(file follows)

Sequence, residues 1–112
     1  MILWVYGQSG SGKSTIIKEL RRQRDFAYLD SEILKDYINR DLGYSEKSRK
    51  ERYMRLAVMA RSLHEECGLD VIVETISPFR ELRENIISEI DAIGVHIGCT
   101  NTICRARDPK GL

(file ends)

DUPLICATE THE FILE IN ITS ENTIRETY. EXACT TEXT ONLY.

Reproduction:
Sequence, residues 1–112
     1  MILWVYGQSG SGKSTIIKEL RRQRDFAYLD SEILKDYINR DLGYSEKSRK
    51  ERYMRLAVMA RSLHEECGLD VIVETISPFR ELRENIISEI DAIGVHIGCT
   101  NTICRARDPK GL